Otways Link Walk
(joining the Surf Coast and Great Ocean Walks)

Mogg's Creek Reserve to Lorne (13 km)

The Surf Coast Walk was now behind us and the Great Ocean Walk lay ahead - it was time to find a way to link the two. Our first destination in the day that remained was Lorne. With a bit of help from the GPS, we picked the right trail of several options that would lead us back to the coast from Mogg's Creek Reserve. It passed beneath pleasant tall woodland; pleasant in the sense that the birds were singing on high and the morning sun filtered through the canopy to dapple the forest floor. However, all too soon we were back amongst the beach houses of Eastern View and crossing the Great Ocean Road again to continue westward along the long beach. The tide was by now well out and the wet firm sand allowed for fast progress; moreover, the soft roar of the surf drowned out the sound of traffic on the Great Ocean Road that parallelled the beach.

Across the road lay a series of beach houses built into the steep back dunes, their styles varying from the banal to the vertiginous, while beyond in the distance the houses of Lorne crept up the forested hillsides.

Soon we passed the Memorial Arch, erected to commemorate the returned WW1 soldiers who built this road between 1918 and 1932 to link the isolated coastal towns - I wonder if they ever dreamt it might turn into a world -reknowned tourist icon.

The road ahead - view down Fairhaven Beach to Big Hill and distant Lorne

Ahead, the Great Ocean Road began to wind up the slope of Cinema Point and head away from the coast. Our path lay directly at the base of the rocky point and beyond; the cliffs of Big Hill being our first potential barrier, but a much better option than climbing over the top of the steep sloped hill. Passing a few rock fishermen, we quickly rounded the point, crossed the boulder-strewn bed of a small inlet and climbed up on to the rock platform beneath the impressive grey and tan wind- and wave-sculpted cliffs of Big Hill.

Channel in the rock platform

Looking toward Cinema Point

Approaching the eroded sandstone cliffs of Big Hill

The passage was much easier than we had been led to believe, but then this was low tide! The path led us across flattish sandstone platforms, spattered with darker "cannonballs" hurled out of some long vanished volcano into the sands, or the spherical hollows of the impression they once made. At places we had to pick our way across rubble fields of jagged boulders fallen from above and strangely honeycombed by the action of the sea, or at times, working our way around the deep channels that cut into the platform and down which the ocean swells surged.

Drive shaft and wheels of a "drop-in" from
the road above

Crossing the jumble of sandstone boulders at the base of Big Hill

Volcanic cannonballs

Rusting engine block on the rocks

It was not only rocks that fell from above - the occasional rusting remnants of engine blocks, drive shafts and other bits of vehicular metal testified to the explosive impact that a fall from 80m can have on a car! Looking up the daliesque carved cliff face, I began to empathise with Chicken Little.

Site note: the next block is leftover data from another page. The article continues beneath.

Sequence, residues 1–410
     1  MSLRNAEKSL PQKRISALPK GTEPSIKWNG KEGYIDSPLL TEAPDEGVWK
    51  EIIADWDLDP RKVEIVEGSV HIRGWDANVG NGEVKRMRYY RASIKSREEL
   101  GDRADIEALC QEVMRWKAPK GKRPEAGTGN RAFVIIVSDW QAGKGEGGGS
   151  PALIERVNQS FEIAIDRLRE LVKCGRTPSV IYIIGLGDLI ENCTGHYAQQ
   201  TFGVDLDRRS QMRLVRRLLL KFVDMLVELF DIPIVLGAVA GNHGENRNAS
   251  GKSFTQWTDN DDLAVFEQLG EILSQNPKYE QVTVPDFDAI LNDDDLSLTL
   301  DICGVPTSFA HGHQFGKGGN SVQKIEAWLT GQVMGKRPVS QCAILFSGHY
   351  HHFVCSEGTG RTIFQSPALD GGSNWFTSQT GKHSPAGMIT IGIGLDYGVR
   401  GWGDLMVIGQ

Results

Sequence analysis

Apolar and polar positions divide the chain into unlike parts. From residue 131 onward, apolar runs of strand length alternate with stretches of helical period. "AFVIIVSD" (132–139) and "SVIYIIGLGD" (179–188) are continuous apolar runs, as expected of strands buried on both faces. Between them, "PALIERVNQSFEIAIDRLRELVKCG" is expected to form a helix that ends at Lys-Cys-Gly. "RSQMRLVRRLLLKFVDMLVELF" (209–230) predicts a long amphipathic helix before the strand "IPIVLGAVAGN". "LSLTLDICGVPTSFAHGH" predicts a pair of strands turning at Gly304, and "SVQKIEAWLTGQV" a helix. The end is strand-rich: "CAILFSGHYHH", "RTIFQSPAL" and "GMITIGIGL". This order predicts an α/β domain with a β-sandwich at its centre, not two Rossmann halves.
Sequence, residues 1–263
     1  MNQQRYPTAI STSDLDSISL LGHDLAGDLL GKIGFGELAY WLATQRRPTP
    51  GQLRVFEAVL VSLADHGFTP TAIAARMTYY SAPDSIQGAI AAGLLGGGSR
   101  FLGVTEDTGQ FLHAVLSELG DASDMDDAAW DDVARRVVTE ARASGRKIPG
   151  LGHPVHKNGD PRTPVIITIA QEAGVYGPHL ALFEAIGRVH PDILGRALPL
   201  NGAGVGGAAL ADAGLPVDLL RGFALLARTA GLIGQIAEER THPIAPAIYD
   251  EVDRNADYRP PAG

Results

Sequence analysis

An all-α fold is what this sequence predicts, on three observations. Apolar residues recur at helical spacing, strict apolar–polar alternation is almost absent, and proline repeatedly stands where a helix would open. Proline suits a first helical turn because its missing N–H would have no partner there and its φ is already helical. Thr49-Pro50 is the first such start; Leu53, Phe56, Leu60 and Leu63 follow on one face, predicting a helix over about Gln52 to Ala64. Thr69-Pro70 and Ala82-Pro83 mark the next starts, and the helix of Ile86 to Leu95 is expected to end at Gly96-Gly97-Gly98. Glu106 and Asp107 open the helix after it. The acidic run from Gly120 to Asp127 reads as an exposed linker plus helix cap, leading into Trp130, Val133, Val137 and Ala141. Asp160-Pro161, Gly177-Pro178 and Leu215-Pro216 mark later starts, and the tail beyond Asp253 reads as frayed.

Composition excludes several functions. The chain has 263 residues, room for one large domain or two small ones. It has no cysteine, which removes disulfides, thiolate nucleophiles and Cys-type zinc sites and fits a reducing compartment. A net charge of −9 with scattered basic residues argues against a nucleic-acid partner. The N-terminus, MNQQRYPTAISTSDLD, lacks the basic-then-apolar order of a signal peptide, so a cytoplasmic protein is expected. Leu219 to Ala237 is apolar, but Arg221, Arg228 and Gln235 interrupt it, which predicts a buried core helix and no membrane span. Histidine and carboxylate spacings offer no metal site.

Finally, we emerged on to a stretch of shelly sand beach; time for a pause in the warm spring sun knowing that the incoming tide could not stop us from here. Still, as we continued on past Big Hill Creek and Cathedral Rock along a mixture of sand, flat rock platform and the odd jumble of boulders, we realised that this is definitely a low tide pathway. I would not like to be here at high tide with a strong-south westerly blowing. A gaggle of rock fisherman signalled our arrival at Lorne and all that remained was a stroll along the sandy beach of Loutit Bay, and then along the boardwalk that followed the tannin-stained Erskine River upstream to our accommodation for the night, the Lorne YHA.

The rock and beach combo shoreline near Cathedral Rock

The rock platform meets the beach

Rock-fishing in absentia

Reflections in the dark waters of the Erskine River

Suspension footbridge across the Erskine River at Lorne

Lorne YHA resident

The boys give the fair Nello a hand to pack our supplies

Our early start led to an early finish and another afternoon relaxing in the pleasant gardens of the YHA, where white cockatoos, king parrots and rosellas come down to feed out of the hands of the guests. In addition, tomorrow would be a rest day, time to restock, organise the next stage from Lorne to Apollo Bay and give our tired feet a well-earned rest.

Lorne to Cumberland River (18 km)

Light grey cloud covered the sky as set off, climbing steadily up through the houses of Lorne to reach the forested hills beyond. Some blue sky appeared, followed by another band of grey - it was to be the pattern for the day, but we considered ourselves fortunate. Yesterday had been a day of frequent drenching showers and squally winds; it had been our "shifting" day when we restocked supplies for the next three nights, dropped them off at our planned stopovers and caught the bus back from Apollo Bay to Lorne. It was a good day to be in the car - today was a good day for walking!

Taller Otways forest

We were now in the Otways proper and the trees were much taller here and were filled with the sounds of forest birds - chirps, twitters, the odd harsh cry and lots of sweet whistling. Reaching the Allendale campgrounds, we left the road and followed a well-marked footpath that flanked a small stream, ambitiously called the St George River, in the direction of Phantom Falls. In contrast to the Surf Coast Walk, all tracks here were clearly signed, but then this is a popular day-walking region.

The bowerbird lurking behind his bower

Black wallaby watching us pass by

More magnificent forest flora

A low chirring noise at the side of the track alerted the fair Nello to our first "treat" for the day - a few metres away was the sleakly dark blue form of a male bowerbird tending his bower, decorated with the requisite objects of blue to attract his next lady love. Passing by a small farmlet in the forest (someone's little bit of paradise), we climbed steeply up a 4WD track for a comfortable stroll to Phantom Falls (the Otways are reknowned for the large number of small waterfalls and cascades hidden away in its deep valleys).

Passing by an old cottage in the forest

The 20m high Phantom Falls

St George River below the falls